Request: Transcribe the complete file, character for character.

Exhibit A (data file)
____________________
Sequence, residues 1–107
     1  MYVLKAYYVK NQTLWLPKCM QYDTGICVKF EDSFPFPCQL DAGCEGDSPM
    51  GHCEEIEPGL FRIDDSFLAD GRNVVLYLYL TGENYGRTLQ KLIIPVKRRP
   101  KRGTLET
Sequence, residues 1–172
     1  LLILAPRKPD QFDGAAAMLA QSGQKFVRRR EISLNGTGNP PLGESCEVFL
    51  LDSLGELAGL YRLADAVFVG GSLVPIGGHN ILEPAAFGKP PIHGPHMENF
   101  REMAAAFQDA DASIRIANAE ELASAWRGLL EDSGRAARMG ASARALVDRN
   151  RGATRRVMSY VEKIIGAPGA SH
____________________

Sequence, residues 1–107
     1  MYVLKAYYVK NQTLWLPKCM QYDTGICVKF EDSFPFPCQL DAGCEGDSPM
    51  GHCEEIEPGL FRIDDSFLAD GRNVVLYLYL TGENYGRTLQ KLIIPVKRRP
   101  KRGTLET
Sequence, residues 1–172
     1  LLILAPRKPD QFDGAAAMLA QSGQKFVRRR EISLNGTGNP PLGESCEVFL
    51  LDSLGELAGL YRLADAVFVG GSLVPIGGHN ILEPAAFGKP PIHGPHMENF
   101  REMAAAFQDA DASIRIANAE ELASAWRGLL EDSGRAARMG ASARALVDRN
   151  RGATRRVMSY VEKIIGAPGA SH